His planned addition – with designs by architects Foster & Partners, funding and planning consent all in hand – will be Scotland’s largest arena. Due for completion by 2011, it promises to offset demand for concert space in existing SECC buildings while providing a new sporting venue for the Commonwealth Games in 2014, for which Glasgow is a candidate city.

The Commonwealth Games, though not directly impacting business tourism, could also help the industry by adding hotel rooms, Mr Closier says. For big events, scarce accommodation has sometimes caused problems, as in 2005 when 14,000 members of the European Respiratory Society descended upon Glasgow. Some participants required bussing to and from hotels in St Andrews, 82 miles away, says Mrs Packman.

Additional flexibility could be provided in the form of a high-speed rail line between Glasgow and Edinburgh. Such a link would cut travel time from the current 50 minutes to as few as 12, says Laura Gordon, director of the publicly-funded Glasgow-Edinburgh Collaboration Project.

Sceptics of collaboration include Mr Closier, who notes the contrasting natures of medieval Edinburgh and modern, “rebellious” Glasgow. He warns against “trying to make a pomegranate out of an apple and a lemon”.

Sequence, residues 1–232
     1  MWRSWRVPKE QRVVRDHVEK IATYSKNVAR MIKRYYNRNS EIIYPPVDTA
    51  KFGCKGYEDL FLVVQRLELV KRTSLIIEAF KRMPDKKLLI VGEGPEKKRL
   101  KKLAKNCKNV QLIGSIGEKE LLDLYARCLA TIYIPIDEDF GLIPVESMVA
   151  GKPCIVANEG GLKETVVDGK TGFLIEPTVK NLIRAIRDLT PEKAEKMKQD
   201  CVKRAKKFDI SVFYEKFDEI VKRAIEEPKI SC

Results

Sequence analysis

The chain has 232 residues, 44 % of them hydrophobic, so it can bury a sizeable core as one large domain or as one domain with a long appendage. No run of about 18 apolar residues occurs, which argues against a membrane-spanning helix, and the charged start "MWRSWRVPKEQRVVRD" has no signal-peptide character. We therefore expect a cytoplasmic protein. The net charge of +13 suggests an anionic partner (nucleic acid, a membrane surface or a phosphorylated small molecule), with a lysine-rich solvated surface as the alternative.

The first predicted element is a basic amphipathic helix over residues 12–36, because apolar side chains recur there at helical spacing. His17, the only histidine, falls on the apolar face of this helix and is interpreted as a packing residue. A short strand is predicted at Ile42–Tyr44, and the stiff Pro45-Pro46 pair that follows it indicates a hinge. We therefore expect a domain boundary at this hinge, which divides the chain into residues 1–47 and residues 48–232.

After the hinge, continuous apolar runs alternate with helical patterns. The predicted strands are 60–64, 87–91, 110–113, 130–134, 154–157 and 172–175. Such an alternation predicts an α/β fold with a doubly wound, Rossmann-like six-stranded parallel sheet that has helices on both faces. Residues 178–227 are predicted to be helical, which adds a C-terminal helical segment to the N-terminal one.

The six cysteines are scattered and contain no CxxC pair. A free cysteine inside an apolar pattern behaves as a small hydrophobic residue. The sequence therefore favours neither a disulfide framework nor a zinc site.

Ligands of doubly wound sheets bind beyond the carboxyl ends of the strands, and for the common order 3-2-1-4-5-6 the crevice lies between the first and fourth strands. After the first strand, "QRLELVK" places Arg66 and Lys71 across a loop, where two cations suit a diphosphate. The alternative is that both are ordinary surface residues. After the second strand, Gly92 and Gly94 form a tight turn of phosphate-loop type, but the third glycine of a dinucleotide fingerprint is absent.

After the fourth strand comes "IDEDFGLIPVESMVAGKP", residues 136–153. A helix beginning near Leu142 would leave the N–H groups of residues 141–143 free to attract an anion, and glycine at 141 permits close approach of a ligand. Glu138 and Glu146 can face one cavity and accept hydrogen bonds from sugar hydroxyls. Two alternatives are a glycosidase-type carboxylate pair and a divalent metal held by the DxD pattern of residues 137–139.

But Ms Gordon argues that Scotland’s distinctive markets must embrace intercity collaboration as an internationally proven model for the industry. Successes in Copenhagen and Malmö, Germany’s Rhine-Ruhr region and other markets could show the way forward for Edinburgh and Glasgow, she says.

17 September 2007

The first post-modern bank run

There is a reason why people do not paint landscapes in a hurricane. The next gust is too likely to change the scene. Also, one gets wet. For the same reason, there is little purpose in describing in detail the ongoing run on Northern Rock, the British bank suffering most from the great credit crunch of 2007.